The Handbook of Texas is free-to-use thanks to the support of readers like you. Support the Handbook today.

Font size: A / A reset

Howard Payne University

Jeanne F. Lively General

Howard Payne University is located near the business district of Brownwood. The school is a private, coeducational, four-year college affiliated with the Southern Baptist Convention. It was founded by the Pecan Valley Baptist Association at Indian Creek, Texas, on June 20, 1889. J. D. Robnett, pastor of the First Baptist Church in Brownwood, a leader in the movement, became president of the first board of trustees. During the summer of 1889 he sought to raise funds for the school and was able to secure a large gift from his brother-in-law, Edward Howard Payne. Ultimately the board of trustees decided to name the school Howard Payne College.

The first session opened on September 16, 1890, with A. J. Emerson as president and a faculty of twelve. A separate preparatory department furnished instruction below the freshman level. The school granted its first academic degree in 1895 and continued as a degree-conferring institution until 1900, then operated as one of the Baptist schools with junior college status from 1900 to 1914, when it again became a senior college. In 1974, upon approval of the Baptist General Convention of Texas, Howard Payne College became Howard Payne University. HPU is a member of the Association of Texas Colleges and Universities, Independent Colleges and Universities of Texas, the Association of Southern Baptist Colleges and Schools, the Texas Association of Music Schools, the National Association of Schools of Music, the Texas Association of Schools of Art, the American Association of Colleges for Teacher Education, the American Association of University Women, the Association of Collegiate Business Schools and Programs, the Association of University Programs in Health Administration, the International Federation for Business Education, and the Texas Council of the Arts in Education.

In 1990 the university covered ten square blocks and included an athletic field of almost six acres. The campus of Daniel Baker College, a few blocks away, became part of Howard Payne in 1953. The main building of the former Daniel Baker College was remodeled for the Douglas MacArthur Academy of Freedom, a memorial to the late general. It houses a museum depicting the concept of freedom throughout history and facilities for study in social sciences. The university has more than twenty permanent buildings. The school joined the Lone Star Conference in 1956 for intercollegiate athletics, but in 1987 joined the Texas Intercollegiate Athletic Association. The latter became the Southwest Conference in 1996.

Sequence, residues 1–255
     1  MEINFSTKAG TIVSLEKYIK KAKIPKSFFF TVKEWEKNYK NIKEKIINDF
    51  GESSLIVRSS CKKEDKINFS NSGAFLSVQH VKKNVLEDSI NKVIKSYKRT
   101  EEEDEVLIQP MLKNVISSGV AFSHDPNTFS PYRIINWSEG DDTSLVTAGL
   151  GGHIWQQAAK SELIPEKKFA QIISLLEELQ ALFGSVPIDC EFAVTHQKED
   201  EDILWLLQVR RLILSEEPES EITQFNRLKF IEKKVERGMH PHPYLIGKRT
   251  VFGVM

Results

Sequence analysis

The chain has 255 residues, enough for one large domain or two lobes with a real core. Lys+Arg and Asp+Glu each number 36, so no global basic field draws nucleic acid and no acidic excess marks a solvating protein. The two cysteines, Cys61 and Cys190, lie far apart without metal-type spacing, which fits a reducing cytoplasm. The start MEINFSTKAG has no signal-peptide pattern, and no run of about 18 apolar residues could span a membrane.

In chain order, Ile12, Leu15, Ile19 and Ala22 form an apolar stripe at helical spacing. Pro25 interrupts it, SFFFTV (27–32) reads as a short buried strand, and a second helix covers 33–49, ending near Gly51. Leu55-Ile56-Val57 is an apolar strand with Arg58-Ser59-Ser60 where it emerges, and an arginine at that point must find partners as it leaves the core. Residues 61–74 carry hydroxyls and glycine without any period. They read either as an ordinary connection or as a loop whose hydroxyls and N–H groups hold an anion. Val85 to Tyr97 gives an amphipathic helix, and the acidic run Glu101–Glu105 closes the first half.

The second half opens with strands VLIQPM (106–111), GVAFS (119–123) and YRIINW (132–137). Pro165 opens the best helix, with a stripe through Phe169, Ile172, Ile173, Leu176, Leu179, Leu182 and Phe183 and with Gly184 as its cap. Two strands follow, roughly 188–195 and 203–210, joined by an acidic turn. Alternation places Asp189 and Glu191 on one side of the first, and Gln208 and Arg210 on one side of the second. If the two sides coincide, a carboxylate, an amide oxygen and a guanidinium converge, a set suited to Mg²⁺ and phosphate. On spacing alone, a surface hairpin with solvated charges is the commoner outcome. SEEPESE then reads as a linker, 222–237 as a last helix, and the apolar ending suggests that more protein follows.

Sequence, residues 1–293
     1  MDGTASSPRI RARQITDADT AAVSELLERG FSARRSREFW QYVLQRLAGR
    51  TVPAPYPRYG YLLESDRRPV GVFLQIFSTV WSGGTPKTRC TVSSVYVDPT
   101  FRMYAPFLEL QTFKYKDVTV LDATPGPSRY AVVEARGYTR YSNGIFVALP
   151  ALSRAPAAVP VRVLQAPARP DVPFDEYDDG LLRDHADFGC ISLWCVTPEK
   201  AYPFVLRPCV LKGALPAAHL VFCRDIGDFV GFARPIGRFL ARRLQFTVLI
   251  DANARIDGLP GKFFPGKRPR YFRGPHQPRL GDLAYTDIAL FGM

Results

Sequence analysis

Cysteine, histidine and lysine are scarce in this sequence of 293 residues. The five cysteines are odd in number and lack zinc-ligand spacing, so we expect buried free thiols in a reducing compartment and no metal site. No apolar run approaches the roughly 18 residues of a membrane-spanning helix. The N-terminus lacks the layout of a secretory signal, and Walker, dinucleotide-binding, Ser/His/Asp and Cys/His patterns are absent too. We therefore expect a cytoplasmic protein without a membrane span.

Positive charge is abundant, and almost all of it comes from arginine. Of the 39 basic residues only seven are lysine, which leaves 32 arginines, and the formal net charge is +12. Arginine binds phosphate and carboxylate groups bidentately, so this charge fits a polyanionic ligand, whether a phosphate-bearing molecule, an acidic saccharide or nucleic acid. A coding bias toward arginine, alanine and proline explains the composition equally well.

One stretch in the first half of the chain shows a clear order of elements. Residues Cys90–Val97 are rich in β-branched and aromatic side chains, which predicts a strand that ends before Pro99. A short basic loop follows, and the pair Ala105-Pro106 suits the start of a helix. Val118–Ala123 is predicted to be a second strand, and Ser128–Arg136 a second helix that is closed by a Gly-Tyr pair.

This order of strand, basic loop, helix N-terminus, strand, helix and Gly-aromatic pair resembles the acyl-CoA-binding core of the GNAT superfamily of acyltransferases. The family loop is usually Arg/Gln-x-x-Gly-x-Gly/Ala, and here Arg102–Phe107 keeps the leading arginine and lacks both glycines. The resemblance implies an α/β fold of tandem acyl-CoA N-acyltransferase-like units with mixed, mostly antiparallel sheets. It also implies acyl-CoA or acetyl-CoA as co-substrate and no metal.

In the late 1980s the library contained 120,000 volumes, 18,000 government documents, 250 titles of microforms, 1,700 audiovisual items, and hundreds of current periodicals. HPU also offers educational programs in Corpus Christi, El Paso, Laredo, Harlingen, Midland, San Angelo, and Granbury/Benbrook. Besides its liberal arts program, the university offers preprofessional dentistry, medicine, and medical-technology programs, and is divided into six schools: science and math, business, Christian studies, education, music and fine arts, and humanities. Howard Payne University had 143 faculty members and 1,540 students in the fall of 1998. Rick R. Gregory was the president in 2001.

Vertical Files, Dolph Briscoe Center for American History, University of Texas at Austin.


  • Education
  • Private Four-Year Colleges and Universities
  • Religion
  • Baptist

The following, adapted from the Chicago Manual of Style, 15th edition, is the preferred citation for this entry.

Jeanne F. Lively, “Howard Payne University,” Handbook of Texas Online, accessed September 29, 2020,

Published by the Texas State Historical Association.